With the addition of two ski areas in Utah and Idaho, Vail Resorts’ multimountain pass will provide holders with access to 67 resorts next season.
Epic Pass holders will have seven days at each resort with no restrictions at Idaho’s Sun Valley and Utah’s Snowbasin during the 2019-2020 season. Those with an Epic Local Pass will have two days at each resort with minimal restrictions, while Epic 7-Day and 4-Day purchasers can use any or all or their days at each. This season’s prices for adults range from $709 for the Epic Local Pass to $949 for the Epic Pass.
Sun Valley is west of Boise in the Sawtooth National Forest. Snowbasin, less than an hour’s drive from Salt Lake City, was host to the downhill, (combined) downhill and slalom, and super-G events during the 2002 Winter Olympics.
The mountains are owned by Sinclair Oil Company, once run by the late Robert Earl Holding. Holding purchased Sun Valley in 1977 and Snowbasin in 1984. He was known in Utah for his major investments to bring the 2002 Winter Olympics to the state, The Salt Lake Tribune reported.
His wife, Carol, said of the partnership with Epic, “Snowbasin and Sun Valley are crown jewels of our family-owned businesses and we are always looking for new ways to provide outstanding service to our guests. As we remain committed to investing in and operating our properties for many years to come, this multi-year alliance with the Epic Pass will bring value to our pass holders and introduce more guests to our unique traditions.”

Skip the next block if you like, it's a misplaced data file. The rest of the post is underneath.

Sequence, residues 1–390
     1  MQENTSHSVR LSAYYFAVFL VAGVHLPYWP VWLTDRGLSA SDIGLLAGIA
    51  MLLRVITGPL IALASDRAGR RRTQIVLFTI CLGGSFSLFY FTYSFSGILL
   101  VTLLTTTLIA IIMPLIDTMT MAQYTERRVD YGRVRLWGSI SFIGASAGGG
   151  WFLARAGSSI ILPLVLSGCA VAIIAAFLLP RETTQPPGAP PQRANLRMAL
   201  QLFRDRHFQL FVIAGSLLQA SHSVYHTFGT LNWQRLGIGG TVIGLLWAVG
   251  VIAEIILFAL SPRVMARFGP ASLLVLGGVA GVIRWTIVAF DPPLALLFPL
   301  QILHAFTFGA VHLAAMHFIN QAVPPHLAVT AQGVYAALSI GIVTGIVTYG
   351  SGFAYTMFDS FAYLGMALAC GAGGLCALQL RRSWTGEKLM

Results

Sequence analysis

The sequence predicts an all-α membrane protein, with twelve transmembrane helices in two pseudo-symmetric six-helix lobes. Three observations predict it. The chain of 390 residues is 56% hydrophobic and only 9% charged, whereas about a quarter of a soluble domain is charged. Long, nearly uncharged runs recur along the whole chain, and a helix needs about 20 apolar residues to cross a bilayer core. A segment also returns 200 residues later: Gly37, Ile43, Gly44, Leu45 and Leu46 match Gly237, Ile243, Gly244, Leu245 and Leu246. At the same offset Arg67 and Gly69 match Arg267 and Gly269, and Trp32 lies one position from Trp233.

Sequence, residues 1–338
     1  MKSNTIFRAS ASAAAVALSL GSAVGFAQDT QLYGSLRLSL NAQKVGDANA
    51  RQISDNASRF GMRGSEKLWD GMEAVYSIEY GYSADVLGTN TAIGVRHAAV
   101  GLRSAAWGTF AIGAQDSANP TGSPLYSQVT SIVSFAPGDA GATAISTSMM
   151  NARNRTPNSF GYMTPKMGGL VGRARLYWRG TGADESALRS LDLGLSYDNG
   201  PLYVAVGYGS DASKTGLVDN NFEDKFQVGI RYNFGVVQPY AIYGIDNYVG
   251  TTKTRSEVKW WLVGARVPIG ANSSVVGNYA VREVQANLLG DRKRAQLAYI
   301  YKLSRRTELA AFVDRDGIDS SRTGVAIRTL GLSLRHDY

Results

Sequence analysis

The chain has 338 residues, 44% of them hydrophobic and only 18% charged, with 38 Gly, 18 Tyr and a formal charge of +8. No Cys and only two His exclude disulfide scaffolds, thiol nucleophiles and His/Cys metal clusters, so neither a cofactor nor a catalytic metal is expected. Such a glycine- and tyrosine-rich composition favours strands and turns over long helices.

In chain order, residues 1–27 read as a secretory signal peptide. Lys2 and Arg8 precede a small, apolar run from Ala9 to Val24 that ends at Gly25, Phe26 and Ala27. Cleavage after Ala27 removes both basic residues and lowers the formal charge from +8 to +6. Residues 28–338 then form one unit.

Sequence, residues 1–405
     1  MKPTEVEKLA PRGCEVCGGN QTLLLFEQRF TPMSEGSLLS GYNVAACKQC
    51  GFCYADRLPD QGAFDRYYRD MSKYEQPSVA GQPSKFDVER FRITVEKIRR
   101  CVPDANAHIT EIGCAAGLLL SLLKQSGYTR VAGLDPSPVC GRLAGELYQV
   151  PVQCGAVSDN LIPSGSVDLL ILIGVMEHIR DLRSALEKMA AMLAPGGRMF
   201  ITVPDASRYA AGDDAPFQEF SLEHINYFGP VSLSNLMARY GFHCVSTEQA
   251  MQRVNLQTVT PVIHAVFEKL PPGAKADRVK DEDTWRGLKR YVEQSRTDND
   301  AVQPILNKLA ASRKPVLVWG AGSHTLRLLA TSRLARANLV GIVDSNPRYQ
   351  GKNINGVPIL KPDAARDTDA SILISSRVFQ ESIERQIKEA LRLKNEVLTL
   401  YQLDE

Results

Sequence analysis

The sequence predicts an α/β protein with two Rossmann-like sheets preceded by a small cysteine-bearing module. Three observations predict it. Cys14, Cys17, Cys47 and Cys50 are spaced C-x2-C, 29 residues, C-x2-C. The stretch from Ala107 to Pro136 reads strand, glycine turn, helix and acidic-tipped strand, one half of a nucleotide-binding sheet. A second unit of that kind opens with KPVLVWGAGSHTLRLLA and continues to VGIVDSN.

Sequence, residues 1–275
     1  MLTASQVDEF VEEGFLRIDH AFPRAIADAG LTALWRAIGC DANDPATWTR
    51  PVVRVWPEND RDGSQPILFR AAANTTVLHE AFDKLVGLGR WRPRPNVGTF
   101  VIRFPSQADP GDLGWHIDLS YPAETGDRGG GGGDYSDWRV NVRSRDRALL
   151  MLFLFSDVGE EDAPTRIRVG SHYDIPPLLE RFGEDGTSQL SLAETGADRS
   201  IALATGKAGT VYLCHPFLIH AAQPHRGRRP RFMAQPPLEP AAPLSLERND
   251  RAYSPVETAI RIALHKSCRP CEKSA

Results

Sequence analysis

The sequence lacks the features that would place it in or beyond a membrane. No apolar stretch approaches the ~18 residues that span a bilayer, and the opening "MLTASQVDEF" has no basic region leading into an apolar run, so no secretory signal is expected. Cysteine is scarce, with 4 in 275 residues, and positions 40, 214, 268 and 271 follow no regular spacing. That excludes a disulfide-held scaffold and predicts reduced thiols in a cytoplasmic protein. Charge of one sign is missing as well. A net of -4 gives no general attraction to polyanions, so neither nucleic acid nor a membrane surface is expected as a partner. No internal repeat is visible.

During the 2018-2019 season, Epic Pass holders have unrestricted, unlimited access to 19 resorts in North America and Australia, with limited access to 24 others across the world. Vail Resorts operates 15 of the mountains on its pass, including Beaver Creek, Vail, Breckenridge, Keystone and Crested Butte.
Its rise as a behemoth in the ski industry has been recently challenged by Alterra Mountain Company, which released its analog to the Epic Pass this year. The Ikon Pass holds the key to unlimited days at 14 resorts and limited access to 24 others.
Vail Resorts’ stock dropped more than $50 a share — more than 18 percent— in December after the company reported a decline in pass revenue, The Colorado Sun wrote. The 2016-2017 and 2017-2018 Epic Pass sales set records for Vail Resorts, so the 10 percent annual growth for 2018-2019 was its largest year-over-year decline since the pass was unveiled in 2008.
Guest visitation during the pre-holiday period was “much lower” than Vail Resorts anticipated, CEO Rob Katz said in a release Jan. 11. Katz pointed to guest concerns about poor pre-holiday conditions during the two prior seasons.
Season-to-date lift ticket, ski school and dining revenue at its resorts was up 12.2 percent, 9.5 percent and 14.8 percent compared with the 2017-2018 season-to-date period. Total skier visits at the North American mountains were up 16.9 percent.
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